Those of us who live in North America often resent the “legacy airlines” – I’ll refrain from mentioning any names – because of their arbitrary rules, rigidity and, of course, astronomical fares. Fortunately for me, I fly only rarely in the United States, and am usually able to use a more reasonable regional airline, but I have a bit more experience in southernmost South America.
In some ways, the situation is similar. Both Argentina and Chile have legacy airlines – Aerolíneas Argentinas and LATAM (formerly LAN), respectively – that dominate domestic air services in those countries. Both began as state-run airlines that underwent privatization in the late 20th century (Aerolíneas is once again state-run), and competitors have had a hard time of it. In Argentina, LATAM’s local affiliate runs a distant second and the state-run LADE (the air force’s Patagonia passenger service) a very distant third. In Chile, Sky Airline occupies a secondary role and there have been some small regional carriers, such as Aerovías DAP in the southernmost Patagonian region of Magallanes.
Both Argentina and Chile need extensive air services – Argentina is the world’s eighth-largest country and Chile stretches from the tropics to the sub-Antarctic – but most secondary and tertiary airlines have failed. It doesn’t help that, in both countries, nearly all long-distance flights are routed through the capital cities – because of this, flying from the Argentine coastal city of Puerto Madryn to the Andean resort of Bariloche (a distance of 928 km) takes nearly as long as the bus. Flying is also more expensive and, in addition, foreign passengers in Argentina pay a penalty (described as a discount for Argentine nationals).
Things may be changing, though. According to several reports, the low-cost airlines Ryanair and Avianca are due to start Argentina operations early next year. This is an encouraging development, but it comes with caveats: as the Buenos Aires daily La Nación has noted, there are numerous obstacles to be overcome – most notably, government-set minimum fares, the lack of secondary airports, the absence of night flights, and strong labor unions. In Europe, for instance, Ryanair personnel clean the cabins, but Argentina’s powerful unions will surely raise objections to that.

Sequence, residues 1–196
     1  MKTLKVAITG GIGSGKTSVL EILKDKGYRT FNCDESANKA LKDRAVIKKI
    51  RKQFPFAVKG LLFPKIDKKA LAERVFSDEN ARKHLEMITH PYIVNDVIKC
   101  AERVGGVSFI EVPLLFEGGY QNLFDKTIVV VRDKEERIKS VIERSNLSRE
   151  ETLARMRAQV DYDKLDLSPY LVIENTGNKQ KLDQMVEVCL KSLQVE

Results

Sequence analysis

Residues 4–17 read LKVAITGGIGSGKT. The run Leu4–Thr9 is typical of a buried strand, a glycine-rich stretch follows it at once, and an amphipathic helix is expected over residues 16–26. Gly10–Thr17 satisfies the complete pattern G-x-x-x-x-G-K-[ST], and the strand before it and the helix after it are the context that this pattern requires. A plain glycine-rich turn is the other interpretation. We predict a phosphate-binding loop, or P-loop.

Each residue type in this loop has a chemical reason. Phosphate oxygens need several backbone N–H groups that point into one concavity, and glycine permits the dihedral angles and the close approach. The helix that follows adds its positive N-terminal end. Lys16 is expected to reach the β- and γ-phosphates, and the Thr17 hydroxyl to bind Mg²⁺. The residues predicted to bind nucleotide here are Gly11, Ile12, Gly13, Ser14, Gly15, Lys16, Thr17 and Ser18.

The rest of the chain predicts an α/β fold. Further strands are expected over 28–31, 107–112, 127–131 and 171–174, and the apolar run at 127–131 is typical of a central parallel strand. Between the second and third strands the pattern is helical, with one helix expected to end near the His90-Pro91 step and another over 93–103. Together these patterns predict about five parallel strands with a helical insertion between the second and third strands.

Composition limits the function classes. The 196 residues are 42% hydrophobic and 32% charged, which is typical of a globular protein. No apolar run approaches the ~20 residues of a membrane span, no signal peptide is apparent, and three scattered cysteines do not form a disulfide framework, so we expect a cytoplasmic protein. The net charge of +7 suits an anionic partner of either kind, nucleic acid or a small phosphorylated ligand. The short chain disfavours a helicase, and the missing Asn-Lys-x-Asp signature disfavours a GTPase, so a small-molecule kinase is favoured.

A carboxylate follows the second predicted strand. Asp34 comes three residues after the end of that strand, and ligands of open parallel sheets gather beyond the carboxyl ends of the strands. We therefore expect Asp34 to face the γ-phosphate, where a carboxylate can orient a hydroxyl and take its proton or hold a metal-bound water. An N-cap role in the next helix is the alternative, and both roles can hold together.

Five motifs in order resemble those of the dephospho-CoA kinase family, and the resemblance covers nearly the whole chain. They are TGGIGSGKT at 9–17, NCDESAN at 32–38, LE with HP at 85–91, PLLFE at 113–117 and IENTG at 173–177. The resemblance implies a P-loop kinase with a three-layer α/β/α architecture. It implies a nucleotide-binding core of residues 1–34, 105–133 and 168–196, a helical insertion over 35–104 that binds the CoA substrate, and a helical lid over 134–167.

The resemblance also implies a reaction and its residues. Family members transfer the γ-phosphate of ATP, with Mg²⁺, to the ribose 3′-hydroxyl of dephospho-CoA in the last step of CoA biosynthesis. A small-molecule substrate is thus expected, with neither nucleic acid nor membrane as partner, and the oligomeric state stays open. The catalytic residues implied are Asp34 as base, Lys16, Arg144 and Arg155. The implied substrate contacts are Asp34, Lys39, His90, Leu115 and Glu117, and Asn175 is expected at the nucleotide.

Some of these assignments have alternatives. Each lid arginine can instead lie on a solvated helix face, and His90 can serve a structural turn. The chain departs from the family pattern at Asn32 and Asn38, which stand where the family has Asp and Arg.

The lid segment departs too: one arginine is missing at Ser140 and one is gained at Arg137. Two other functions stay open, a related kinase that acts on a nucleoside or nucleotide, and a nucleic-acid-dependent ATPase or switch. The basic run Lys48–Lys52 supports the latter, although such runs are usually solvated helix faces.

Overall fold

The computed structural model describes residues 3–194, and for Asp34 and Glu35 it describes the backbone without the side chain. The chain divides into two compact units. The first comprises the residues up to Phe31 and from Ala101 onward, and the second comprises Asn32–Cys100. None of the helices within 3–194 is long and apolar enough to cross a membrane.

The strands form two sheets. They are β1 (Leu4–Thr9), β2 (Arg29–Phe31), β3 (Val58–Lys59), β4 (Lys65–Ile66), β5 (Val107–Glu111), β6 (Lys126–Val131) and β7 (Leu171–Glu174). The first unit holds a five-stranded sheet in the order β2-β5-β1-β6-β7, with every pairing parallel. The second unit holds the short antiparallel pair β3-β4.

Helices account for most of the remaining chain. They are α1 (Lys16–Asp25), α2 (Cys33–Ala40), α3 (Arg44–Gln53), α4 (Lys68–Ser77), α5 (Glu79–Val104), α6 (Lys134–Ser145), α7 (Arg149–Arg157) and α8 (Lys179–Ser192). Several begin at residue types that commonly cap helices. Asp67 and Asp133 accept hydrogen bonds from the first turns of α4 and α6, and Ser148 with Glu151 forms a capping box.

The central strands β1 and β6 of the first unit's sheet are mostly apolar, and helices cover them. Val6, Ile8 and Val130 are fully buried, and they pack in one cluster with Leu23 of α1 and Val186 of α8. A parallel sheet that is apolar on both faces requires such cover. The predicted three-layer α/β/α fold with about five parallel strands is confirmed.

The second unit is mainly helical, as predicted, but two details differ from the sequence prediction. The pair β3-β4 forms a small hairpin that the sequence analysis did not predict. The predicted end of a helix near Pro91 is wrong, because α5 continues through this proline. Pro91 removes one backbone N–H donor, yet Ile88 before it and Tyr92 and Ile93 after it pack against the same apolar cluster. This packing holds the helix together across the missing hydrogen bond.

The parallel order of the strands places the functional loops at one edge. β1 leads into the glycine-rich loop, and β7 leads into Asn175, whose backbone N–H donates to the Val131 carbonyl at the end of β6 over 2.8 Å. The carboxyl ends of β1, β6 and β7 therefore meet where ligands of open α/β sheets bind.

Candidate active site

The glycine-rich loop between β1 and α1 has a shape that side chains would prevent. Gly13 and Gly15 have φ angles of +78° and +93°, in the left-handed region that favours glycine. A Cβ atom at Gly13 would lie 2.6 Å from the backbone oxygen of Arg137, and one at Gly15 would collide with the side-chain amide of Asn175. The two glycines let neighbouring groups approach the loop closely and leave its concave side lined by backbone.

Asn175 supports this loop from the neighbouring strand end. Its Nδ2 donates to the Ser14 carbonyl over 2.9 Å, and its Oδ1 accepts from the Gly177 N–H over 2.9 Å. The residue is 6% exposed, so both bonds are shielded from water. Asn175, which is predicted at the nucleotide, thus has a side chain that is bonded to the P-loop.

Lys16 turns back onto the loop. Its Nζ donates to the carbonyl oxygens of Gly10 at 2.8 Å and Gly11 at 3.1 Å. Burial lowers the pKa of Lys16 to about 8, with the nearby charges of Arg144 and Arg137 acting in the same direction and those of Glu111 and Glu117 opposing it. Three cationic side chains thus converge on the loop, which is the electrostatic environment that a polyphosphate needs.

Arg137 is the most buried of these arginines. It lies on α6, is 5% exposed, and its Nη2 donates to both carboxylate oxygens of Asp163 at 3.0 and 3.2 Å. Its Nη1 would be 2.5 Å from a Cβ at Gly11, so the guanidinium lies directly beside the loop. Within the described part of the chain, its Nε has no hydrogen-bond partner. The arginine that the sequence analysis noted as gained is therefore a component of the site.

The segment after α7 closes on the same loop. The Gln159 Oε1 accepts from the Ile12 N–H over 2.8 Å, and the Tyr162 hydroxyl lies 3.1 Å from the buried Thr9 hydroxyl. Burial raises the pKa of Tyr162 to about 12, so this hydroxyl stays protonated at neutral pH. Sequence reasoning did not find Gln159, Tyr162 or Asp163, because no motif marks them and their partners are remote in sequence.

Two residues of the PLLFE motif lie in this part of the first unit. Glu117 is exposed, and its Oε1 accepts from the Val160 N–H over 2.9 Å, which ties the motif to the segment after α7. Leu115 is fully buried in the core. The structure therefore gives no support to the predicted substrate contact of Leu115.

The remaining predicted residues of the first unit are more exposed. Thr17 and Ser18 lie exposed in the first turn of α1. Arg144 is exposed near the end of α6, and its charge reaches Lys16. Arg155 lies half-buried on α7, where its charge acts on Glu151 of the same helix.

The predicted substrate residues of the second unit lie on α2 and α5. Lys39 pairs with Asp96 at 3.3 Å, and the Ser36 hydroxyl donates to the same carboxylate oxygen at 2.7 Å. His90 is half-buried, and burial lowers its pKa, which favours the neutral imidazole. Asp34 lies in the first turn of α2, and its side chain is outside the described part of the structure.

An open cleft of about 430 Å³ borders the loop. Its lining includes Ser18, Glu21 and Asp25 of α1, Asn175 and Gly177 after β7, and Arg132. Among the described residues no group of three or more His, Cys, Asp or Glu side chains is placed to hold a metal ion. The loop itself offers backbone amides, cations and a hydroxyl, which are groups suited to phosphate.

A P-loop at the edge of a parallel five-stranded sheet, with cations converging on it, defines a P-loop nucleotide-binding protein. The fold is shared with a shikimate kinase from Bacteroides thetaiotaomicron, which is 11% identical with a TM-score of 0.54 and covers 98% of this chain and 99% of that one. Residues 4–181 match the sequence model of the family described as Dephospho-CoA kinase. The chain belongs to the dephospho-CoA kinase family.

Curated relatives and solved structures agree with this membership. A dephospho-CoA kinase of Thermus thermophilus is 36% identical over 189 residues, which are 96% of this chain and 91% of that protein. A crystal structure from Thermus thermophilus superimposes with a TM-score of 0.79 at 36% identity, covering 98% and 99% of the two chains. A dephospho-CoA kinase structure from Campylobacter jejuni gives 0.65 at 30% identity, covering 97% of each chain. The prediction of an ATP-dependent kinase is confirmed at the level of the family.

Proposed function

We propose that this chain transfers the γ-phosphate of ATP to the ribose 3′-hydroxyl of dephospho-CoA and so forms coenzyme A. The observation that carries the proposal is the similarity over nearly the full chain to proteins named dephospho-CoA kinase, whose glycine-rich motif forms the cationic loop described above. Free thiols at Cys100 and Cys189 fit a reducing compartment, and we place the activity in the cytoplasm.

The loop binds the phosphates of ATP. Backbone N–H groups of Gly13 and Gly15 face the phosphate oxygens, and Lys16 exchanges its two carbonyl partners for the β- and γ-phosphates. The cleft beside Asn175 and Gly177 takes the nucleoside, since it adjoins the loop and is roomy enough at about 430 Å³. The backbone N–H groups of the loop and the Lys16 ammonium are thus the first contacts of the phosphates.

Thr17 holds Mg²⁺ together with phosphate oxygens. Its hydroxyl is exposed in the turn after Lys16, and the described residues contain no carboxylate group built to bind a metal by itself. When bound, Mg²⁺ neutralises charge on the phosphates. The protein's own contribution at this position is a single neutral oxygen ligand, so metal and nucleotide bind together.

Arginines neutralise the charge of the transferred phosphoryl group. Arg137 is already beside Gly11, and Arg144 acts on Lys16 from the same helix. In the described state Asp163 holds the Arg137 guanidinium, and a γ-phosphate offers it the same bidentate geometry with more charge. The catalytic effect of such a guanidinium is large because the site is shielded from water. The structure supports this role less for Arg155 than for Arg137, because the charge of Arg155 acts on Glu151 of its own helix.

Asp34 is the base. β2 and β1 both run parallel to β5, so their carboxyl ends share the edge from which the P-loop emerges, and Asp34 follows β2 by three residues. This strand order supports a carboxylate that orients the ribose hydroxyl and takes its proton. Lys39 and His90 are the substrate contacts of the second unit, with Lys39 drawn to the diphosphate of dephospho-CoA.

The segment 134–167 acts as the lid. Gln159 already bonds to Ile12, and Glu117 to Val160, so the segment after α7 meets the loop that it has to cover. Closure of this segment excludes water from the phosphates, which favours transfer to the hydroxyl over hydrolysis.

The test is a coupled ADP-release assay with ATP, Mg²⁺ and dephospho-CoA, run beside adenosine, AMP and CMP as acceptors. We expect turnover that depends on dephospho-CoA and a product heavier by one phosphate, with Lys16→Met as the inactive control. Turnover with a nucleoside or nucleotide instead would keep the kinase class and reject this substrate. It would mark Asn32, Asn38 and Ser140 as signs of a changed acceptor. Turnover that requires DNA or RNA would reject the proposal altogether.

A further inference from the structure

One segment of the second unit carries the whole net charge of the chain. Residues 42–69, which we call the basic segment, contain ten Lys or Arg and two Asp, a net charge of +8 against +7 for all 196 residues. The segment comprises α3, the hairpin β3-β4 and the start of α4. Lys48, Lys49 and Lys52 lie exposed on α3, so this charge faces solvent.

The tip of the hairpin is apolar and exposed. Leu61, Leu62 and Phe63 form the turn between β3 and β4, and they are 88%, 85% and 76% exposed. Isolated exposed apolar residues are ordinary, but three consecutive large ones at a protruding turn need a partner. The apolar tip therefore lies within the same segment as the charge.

Meanwhile, across the Andes, the ironically named Chilean Airways – financed by Bolivian capital, despite diplomatic distance between the two countries over lingering border disputes – has begun services from Santiago to northern domestic destinations including La Serena, Antofagasta, Calama, Iquique and Arica, and international routes that include Buenos Aires, Asunción (Paraguay), and Bolivian cities. If it lasts, this would supplement the northern Chilean services of LATAM and Sky Airline (currently reinventing itself as a budget airline).
Farther south, in Chilean Patagonia, DAP (seen above landing in Antarctica) has recently announced that it will fly twice weekly between the southern Patagonian city of Punta Arenas and the northern Patagonian airport of Balmaceda (pictured below, near the Aisén regional capital of Coyhaique). This would make it easier for Patagonian travelers to visit both Torres del Paine and do the Carretera Austral – Patagonia’s greatest road trip.
No less importantly, DAP will also start flying between Punta Arenas and the Argentine city of Ushuaia (pictured below) – helping travelers avoid the tiresome full-day bus trip between the two cities. This will be a particular boon to those who take the Cruceros Australis cruise between the two cities, but don’t wish to travel both ways by sea.